Fractals and Scaling
Santa Fe Institute via Complexity Explorer
- Provider Complexity Explorer
- Cost Free Online Course
- Session Finished
- Language English
- Certificate Certificate Available
- Effort 2-4 hours a week
- Duration 7 weeks long
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Overview
We will begin by viewing fractals as self-similar geometric objects such as trees, ferns, clouds, mountain ranges, and river basins. Fractals are scale-free, in the sense that there is not a typical length or time scale that captures their features. A tree, for example, is made up of branches, off of which are smaller branches, off of which are smaller branches, and so on. Fractals thus look similar, regardless of the scale at which they are viewed. Fractals are often characterized by their dimension. You will learn what it means to say that an object is 1.6 dimensional and how to calculate the dimension for different types of fractals.
In addition to physical objects, fractals are used to describe distributions resulting from processes that unfold in space and/or time. Earthquake severity, the frequency of words in texts, the sizes of cities, and the number of links to websites are all examples of quantities described by fractal distributions of this sort, known as power laws. Phenomena described by such distributions are said to scale or exhibit scaling, because there is a statistical relationship that is constant across scales.
We will look at power laws in some detail and will give an overview of modern statistical techniques for calculating power law exponents. We will also look more generally at fat-tailed distributions, a class of distributions of which power laws are a subset. Next we will turn our attention to learning about some of the many processes that can generate fractals. Finally, we will critically examine some recent applications of fractals and scaling in natural and social systems, including metabolic scaling and urban scaling. These are, arguably, among the most successful and surprising areas of application of fractals and scaling. They are also areas of current scientific activity and debate.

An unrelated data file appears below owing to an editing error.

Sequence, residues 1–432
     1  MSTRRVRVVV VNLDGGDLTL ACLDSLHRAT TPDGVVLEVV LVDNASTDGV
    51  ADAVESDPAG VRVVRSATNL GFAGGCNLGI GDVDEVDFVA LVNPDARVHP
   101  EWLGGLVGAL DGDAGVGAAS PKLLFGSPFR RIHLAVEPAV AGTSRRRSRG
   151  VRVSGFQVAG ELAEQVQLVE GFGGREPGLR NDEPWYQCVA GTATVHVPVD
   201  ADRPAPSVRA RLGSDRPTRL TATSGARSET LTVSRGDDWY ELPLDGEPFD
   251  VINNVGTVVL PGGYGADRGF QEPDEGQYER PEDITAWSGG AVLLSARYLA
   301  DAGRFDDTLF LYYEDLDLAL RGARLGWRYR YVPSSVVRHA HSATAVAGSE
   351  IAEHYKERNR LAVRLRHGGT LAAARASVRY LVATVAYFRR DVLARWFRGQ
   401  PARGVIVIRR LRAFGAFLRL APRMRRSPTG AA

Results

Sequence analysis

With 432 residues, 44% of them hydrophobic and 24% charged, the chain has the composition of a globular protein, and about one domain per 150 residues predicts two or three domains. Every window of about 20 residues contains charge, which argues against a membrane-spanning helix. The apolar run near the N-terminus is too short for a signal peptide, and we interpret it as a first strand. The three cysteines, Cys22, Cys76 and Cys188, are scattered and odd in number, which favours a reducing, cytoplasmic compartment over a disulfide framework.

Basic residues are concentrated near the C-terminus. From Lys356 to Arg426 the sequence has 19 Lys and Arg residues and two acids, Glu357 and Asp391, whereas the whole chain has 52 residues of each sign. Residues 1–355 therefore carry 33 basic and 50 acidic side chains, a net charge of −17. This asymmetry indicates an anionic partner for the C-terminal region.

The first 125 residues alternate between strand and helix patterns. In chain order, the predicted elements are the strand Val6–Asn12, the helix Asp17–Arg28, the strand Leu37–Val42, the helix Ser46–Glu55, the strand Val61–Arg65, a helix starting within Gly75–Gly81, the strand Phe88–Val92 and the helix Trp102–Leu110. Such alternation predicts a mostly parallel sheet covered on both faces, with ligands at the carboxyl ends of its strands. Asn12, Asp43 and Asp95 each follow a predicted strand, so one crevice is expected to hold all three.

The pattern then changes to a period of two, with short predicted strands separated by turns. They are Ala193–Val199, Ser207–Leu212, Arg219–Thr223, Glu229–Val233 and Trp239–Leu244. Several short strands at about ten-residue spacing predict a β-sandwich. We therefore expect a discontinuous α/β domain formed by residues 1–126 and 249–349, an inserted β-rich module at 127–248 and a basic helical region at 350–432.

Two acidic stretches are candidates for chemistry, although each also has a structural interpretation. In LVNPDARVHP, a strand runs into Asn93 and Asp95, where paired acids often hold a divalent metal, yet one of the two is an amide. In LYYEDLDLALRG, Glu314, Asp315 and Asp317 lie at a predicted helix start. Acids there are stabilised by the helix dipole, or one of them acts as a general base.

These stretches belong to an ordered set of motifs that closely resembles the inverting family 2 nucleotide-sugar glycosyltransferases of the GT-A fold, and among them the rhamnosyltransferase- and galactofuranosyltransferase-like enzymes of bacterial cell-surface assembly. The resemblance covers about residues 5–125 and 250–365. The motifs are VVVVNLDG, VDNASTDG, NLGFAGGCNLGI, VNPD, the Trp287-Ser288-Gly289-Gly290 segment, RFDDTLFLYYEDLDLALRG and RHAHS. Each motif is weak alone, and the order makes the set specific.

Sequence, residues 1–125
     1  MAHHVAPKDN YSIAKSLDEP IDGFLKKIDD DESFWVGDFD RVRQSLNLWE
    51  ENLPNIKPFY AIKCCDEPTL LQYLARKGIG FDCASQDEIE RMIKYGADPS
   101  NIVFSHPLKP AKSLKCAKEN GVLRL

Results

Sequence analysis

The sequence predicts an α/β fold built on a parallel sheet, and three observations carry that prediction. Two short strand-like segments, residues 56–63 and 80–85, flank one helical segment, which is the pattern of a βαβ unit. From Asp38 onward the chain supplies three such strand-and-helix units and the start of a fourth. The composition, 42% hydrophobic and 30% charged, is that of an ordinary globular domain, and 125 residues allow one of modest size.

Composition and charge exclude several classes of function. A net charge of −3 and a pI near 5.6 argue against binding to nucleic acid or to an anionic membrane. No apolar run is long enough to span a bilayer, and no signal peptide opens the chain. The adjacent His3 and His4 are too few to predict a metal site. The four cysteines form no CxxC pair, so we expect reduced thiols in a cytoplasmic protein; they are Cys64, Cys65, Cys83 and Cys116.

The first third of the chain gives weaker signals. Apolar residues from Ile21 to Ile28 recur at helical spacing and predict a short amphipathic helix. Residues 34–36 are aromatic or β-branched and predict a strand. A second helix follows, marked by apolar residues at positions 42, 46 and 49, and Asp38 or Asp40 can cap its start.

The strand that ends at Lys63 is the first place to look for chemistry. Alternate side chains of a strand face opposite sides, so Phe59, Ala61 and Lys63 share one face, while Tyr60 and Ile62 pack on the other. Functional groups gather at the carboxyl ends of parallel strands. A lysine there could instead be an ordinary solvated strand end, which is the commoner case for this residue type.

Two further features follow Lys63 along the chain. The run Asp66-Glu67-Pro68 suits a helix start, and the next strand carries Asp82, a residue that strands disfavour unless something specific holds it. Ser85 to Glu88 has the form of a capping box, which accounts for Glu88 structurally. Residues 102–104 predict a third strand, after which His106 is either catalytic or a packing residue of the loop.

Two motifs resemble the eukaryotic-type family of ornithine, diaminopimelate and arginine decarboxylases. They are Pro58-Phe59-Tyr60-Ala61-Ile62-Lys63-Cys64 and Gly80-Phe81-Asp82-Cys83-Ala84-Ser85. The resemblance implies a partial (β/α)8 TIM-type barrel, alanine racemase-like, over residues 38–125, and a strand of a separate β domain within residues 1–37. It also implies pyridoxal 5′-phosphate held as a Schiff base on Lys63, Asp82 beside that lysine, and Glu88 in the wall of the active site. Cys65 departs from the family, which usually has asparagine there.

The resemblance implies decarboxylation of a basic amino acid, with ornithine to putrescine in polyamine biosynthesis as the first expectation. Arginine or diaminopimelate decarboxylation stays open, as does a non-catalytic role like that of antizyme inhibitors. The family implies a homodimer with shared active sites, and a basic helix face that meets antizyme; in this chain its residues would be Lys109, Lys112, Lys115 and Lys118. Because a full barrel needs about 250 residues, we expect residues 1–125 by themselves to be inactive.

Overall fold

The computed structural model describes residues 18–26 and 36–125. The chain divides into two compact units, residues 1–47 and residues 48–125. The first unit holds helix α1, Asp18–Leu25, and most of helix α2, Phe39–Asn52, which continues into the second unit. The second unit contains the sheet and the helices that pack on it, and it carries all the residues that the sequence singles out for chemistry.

This course is intended for anyone who is interested in an overview of how ideas from fractals and scaling are used to study complex systems. The course will make use of basic algebra, but potentially difficult topics will be reviewed, and help is available in the course discussion form. There will be optional units for more mathematically advanced students and pointers to additional resources for those who want to dig deeper.
Syllabus
1. Introduction to fractals. Self-similarity dimension. Review of logarithams and exponents.
2. Box-counting dimension. Further examples of fractals. Stochastic fractals.
3. Power laws and their relation to fractals. Rank-frequency plots. How to estimate power law exponents.
4. Empirical examples of power laws. Other long-tailed distributions: log normals and stretched exponentials. Implications of long tails.
5. Mechanism for generating power laws. Rich-get-richer phenomena. Phase transitions. Other mechanisms.
6. Metabolic scaling. West-Brown-Enquist scaling theory.
7. Urban scaling.
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Reviews for Complexity Explorer's Fractals and Scaling Based on 53 reviews
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The structure of the course and the presentation are superb.
For example, the clever balance of detailed explanations and of general explanations of a few topics, provides quite an interesting (and useful) perspective of the material.
Exciting, interesting, thought-provoking fun on topics that are relevant to a wide range of disciplines (and growing).
-steve
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Thank you so much for offering ordinary people the opportunity to learn such cool stuff!
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There are many references to real world practical usage, books, articles and software. The community of students and teacher are lively and supportive; they help out with doubts and always bring something new to contribute to the learning process in discussions.
I think that anyone who does this course may come out of it learning enough to understand what fractals are and have enough baggage to enter the more detailed and (more) mathematically challenging material on their own; or at least know exactly what is needed to advance.
Thank you, Professor Feldman for a great learning experience.
Linda Alario
- 1